Braves lean on Anderson, paddock against Astros to take World Series lead – .

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Braves lean on Anderson, paddock against Astros to take World Series lead – .


TORONTO – Give credit to Ian Anderson. Making the first start of his World Series career against an elite offensive team in bad weather, he held the Houston Astros without a hitting in five scoreless innings.
But other than the total, Atlanta manager Brian Snitker had a decision to make after five. With a 1-0 lead to protect and the World Series tied 1-1, he could ask Anderson to put zeros a little longer. Considering that Atlanta will likely use reliever box games on Saturday and Sunday, there was certainly good reason to push Anderson for an extra innings or two.

At the same time, the top of the powerful Houston formation arrived for the third time and Anderson struggled to locate himself, with three walks allowed and almost as many balls pitched (37) as strikes (39). With 76 shots pitched in just five innings, the odds of him reaching ninth were slim at best. And once you recognize that no hitting just happens, it immediately becomes easier to see the reasons to move on, especially when an effective Atlanta reliever pen comes out of a full day. rest.

Eventually Snitker, 66, went to the bullpen. Analytics rather than tradition? Perhaps it was simply urgency rather than passivity. Whatever you call it, the move worked as relievers AJ Minter, Luke Jackson, Tyler Matzek and Will Smith combined for four scoreless innings en route to an Atlanta 2-0 win at Truist Park.

Whether this aggressive use of the bullpen costs Snitker later in the series is another question. For now, Atlanta has a 2-1 lead in the series. Now for a few more observations after World Series Game 3…

A MISSED OPPORTUNITY

When pinch hitter Aledmys Diaz led the start of the eighth inning with a shallow left field pop-up, it looked like the first outing of the inning. The numbers would confirm this, as the pop-up had an 85% probability of capture, according to Baseball Savant.

But left fielder Eddie Rosario stopped, perhaps anticipating shortstop Dansby Swanson would make the play, and the ball fell. Put aside the fact that it was the first hit of the game. No hitting teams are cool, but it’s the World Series.

Far more important was the cost of letting Houston’s first hitter reach the top of the coming order and just a one point lead. Rosario had to charge that ball more aggressively, call it and dive, knowing that Swanson would be there to make sure the game stayed under control if he missed.

Instead, this year’s NLCS MVP put his team in a tough position with some defensive play left behind. For a while it looked like Rosario’s spread could prove costly, as pinch runner Jose Siri reached third base, but Matzek continued his incredible October by recording one strikeout and two pops. -ups. Problem avoided.

A NEW LAND

Speaking of defense on the pitch, the Astros have made some notable changes to ensure they put together their most dangerous roster possible. Whenever possible, the Astros prefer to face Yordan Alvarez at DH, but with the World Series moving to Atlanta, the 24-year-old has had to play left field with Michael Brantley moving to right field and Kyle Tucker moving to center.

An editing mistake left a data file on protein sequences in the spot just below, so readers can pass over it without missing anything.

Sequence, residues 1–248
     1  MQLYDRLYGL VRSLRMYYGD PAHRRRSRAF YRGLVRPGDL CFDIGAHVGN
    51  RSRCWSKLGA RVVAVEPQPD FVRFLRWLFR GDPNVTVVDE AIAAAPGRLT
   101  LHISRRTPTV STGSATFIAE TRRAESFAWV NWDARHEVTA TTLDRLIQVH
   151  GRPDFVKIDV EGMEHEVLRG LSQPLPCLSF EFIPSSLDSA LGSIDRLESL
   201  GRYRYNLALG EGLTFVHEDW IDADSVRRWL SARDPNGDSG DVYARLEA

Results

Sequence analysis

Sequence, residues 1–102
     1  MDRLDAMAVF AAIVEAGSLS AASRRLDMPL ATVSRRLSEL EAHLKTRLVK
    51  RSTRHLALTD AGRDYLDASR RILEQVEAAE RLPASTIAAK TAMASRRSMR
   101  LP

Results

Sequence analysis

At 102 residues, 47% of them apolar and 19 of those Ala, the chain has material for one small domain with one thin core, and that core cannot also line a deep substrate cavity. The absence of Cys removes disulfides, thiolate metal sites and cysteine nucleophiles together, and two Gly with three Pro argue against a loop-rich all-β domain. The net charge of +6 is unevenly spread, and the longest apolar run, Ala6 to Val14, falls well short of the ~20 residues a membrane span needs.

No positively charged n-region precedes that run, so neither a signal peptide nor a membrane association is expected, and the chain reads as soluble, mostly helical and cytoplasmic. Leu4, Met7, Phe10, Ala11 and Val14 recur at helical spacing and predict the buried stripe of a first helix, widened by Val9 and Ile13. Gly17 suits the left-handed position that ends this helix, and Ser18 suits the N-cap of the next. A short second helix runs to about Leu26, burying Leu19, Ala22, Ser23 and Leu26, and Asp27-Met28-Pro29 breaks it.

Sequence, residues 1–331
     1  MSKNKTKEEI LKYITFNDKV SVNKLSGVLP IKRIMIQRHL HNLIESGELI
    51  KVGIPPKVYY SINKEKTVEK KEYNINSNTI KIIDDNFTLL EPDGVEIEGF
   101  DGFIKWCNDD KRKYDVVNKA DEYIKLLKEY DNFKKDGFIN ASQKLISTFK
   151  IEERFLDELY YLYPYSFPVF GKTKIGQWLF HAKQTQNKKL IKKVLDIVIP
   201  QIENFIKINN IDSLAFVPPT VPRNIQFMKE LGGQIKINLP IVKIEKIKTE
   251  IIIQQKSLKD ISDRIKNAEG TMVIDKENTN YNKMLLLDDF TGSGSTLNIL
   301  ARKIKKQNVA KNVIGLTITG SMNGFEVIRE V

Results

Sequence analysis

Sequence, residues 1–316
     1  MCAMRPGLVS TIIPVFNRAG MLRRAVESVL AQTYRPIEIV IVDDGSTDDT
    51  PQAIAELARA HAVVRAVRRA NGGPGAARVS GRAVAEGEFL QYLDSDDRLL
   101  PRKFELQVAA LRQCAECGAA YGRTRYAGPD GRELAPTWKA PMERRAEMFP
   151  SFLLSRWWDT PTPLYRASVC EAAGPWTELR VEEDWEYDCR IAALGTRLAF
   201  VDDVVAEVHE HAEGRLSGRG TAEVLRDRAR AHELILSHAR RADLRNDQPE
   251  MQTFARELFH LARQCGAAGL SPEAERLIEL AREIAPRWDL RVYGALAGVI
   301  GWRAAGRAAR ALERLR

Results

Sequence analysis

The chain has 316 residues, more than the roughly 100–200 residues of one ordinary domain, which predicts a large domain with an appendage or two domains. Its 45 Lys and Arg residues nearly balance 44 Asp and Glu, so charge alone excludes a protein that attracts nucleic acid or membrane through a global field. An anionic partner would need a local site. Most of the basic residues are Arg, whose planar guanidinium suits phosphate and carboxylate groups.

That’s far from ideal considering Alvarez, 24, had surgery on both knees last year, but when you have an elite hitter who has scored 33 times in the regular season to do even better in the playoffs? He plays. It might sound like David Ortiz wearing a first baseman’s glove, but like those powerful Red Sox teams, the Astros made it work.

Perhaps predictably the very first Atlanta hitter to test Alvarez at bat. Rosario threw a flying ball into the territory along the left field line and Alvarez approached only to get up, dropping a playable ball and allowing Rosario to continue hitting (he then struck out). But Alvarez caught a few routine balls and Tucker did better than that, making a huge diving catch to deprive Rosario of a hit and end the sixth inning.

A SENSOR IS IN PLACE

With one of baseball’s best offensive infields and a productive outfield that GM Alex Anthopoulos essentially acquired on the fly at the trade deadline, it was easy to overlook the catching position in discussions about the offensive depth of this Atlanta team. Three games in the World Series, Travis d’Arnaud changes that quite quickly.

After a breakout attacking season in 2020, he slowed to plate during the 2021 regular season while missing a considerable time with a thumb injury. Yet so far this world series he again looks like an offensive difference maker. He now has five hits in 12 batting against the Astros, including two homers, including the second he hit in the eighth inning on Friday to give Atlanta a valuable insurance run.

The 32-year-old also doubled up, giving Atlanta a welcome production from seventh place in their batting order.

A LOOK AT THE FUTURE

The last time Atlanta won a World Series game at home was in 1995, and at that point it would have been inconceivable that a Game 4 pitching match was yet to be determined versus TBD with less. 24 hours before the first throw. But there is no Maddux, Glavine or Smoltz behind the scenes for either team.

Part of this is due to injuries, as Justin Verlander, Lance McCullers Jr., Charlie Morton and Mike Soroka are all sidelined. And in part? We’re just seeing an era of baseball where even old-school managers show little reluctance to mix and match – even when that means hitting your starter halfway through a no-hit offer.

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